AFI Fastrack 2020 Finalists share what Mandela Day means

Fastrack2020

Earlier this year AFI announced the 2020 top six contestants who will be joining its development programme, Fastrack.

Keneoue Mhletswa, Siyabonga Mtshali, Anita Makgetla, Cheron Dreyer, Eleazer Radebe and Shamyra Moodley have been elected as the top six young designers to join the year-long programme which will see them receiving six months mentorship in South Africa’s top fashion design houses and an opportunity to showcase their first collections at AFI Fashion Week.

As we commemorate Nelson Mandela, we are reminded of his selfless contribution to the nation.  Mandela Day constantly remind us to be of service to one another. Fastrack finalists shared their views on what Mandela Day means to them:


Anita Makgetla

Has anyone ever extended a helping hand in your time of need?

Many a time. I have been fortunate that I haven’t been in dire need of support, but even those small tokens of help bring us closer together and make whatever you’re going through feel less daunting and insurmountable.

What do you think Mandela Day means and what do you hope it achieves?

I think a lot of people use Mandela Day as a way to tick a box for social responsibility. But I think it is meant to be a catalyst that inspires us to be socially conscious everyday. Mandela and his peers looked at the problems our society faced, developed solutions and made the types of sacrifices most of us would shy away from. But the reality is that if we want to continue Mandela’s legacy, we have to be willing to do a whole lot more for the greater good than 67mins.


Keneoue Mhletswa

What is the most charitable act you have ever done?

The most charitable act I could remember was helping at the orphanage home in Orange Farm,south of Johannesburg, whereby I have donated clothes to the kids. I also volunteered my time to do laundry and cook for the children at the orphanage home.

Has anyone ever extended a helping hand in your time of need?

Yes, I was giving a sewing machine because I couldn’t afford to buy one.

What do you think Mandela Day means and what do you hope it achieves?

To me I think Mandela day means having the power and the ability to make an impact in someone else’s life and volunteering in community services.

How will you be spending your 67 Minutes this Mandela day?

I’ll be spending 67 min giving away masks at an old age home.


Cheron Dreyer

What do you think Mandela Day means and what do you hope it achieves?

To me, Mandela day is a day where we can all come together to help and serve each other. By participating in Mandela day, we can build stronger connections with each other and help each other grow and flourish. I believe we should live in service of our fellow people every day. Everyday there’s something kind we can do for someone. Even if it’s small.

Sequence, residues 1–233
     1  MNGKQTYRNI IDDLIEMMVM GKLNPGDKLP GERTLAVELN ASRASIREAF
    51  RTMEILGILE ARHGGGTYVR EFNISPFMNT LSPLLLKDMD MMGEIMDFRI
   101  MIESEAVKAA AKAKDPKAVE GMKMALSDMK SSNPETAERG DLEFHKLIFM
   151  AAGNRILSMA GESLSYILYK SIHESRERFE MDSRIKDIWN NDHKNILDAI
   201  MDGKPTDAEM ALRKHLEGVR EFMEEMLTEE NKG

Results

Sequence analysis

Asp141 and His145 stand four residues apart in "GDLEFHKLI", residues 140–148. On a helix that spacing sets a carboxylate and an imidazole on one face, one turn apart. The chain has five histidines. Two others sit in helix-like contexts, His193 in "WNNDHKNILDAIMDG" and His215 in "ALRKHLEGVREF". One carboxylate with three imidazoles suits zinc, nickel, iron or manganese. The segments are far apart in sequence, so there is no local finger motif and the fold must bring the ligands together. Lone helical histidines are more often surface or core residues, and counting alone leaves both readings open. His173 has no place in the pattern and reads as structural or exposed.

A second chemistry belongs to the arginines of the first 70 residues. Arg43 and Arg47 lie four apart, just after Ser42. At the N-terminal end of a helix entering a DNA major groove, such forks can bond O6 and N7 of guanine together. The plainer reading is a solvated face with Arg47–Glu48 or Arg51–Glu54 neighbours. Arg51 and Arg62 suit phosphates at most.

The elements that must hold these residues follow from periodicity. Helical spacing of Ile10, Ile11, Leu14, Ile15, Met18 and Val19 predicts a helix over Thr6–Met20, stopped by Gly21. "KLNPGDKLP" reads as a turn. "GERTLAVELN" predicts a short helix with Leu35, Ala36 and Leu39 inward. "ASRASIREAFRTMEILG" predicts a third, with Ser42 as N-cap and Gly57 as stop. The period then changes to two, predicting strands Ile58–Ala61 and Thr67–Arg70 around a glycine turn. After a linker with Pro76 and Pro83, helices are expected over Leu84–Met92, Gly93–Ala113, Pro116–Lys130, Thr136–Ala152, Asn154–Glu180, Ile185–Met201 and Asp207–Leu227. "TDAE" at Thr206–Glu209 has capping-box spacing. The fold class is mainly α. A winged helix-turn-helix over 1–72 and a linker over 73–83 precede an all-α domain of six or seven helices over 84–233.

How will you be spending your 67 Minutes this Mandela day?

This Mandela day I’ll be making soup and sharing it with the local homeless in my area. I’ll also make a few neck warmers and hand it out to them.


Eleazer Radebe

What is the most charitable act you have ever done?

This is hard to talk about because I was not doing it for anyone to ever know. I once helped out someone who had been side-tracked by life and became homeless. I put him up for a couple of months to get him back on his feet and assist him find work and his own place, which he did.

Has anyone ever extended a helping hand in your time of need?

When my parents could not accept me for being gay and put me out of the house, I survived through God’s grace and friends. My friends took me in all the way from Durban to Johannesburg. I lived with them for a year trying to find my feet. They supported me with shelter, food and emotionally without expecting anything in return.

What do you think Mandela Day means and what do you hope it achieves?

The day for me represents HOPE. The world has become such a tumultuous place to live in. We are constantly surrounded by perpetual violence (namely GBV), divisive inequality and dire poverty. Although it should be a lifestyle, this day reminds us that we should care about and for each other. We should show and give mercy and grace because as we all suffer, there’s much to be grateful for. It is a day we remind each other that we matter no matter where we may be currently, things will change for the better. And we should be making efforts towards that light.


Shamyra Moodley

What is the most charitable act you have ever done?

During my gap year I travelled to Europe and ended up in Ireland where I volunteered my time at a Cancer Foundation. One of the projects I was involved with was called “Feel Good, Look Better” it was aimed at helping women to deal with the negative side effects of chemotherapy. I was involved in teaching the cancer survivors how to put on wigs and make-up. It was completely out of my comfort zone but seeing them dress up, finding beauty after their trauma was such an amazing experience.

What do you think Mandela Day means and what do you hope it achieves?

I love that it is a global call to action. It gives you that pause to sit down and think on how you can positively impact the environment around you.

How will you be spending your 67 Minutes this Mandela day?

My family and I will be doing two things to show our support. We have been doing masks which we will share with the Claremont Can Initiative and we’ve decided to also bake cakes and take them to our local hospital to say thank you to the essential workers.​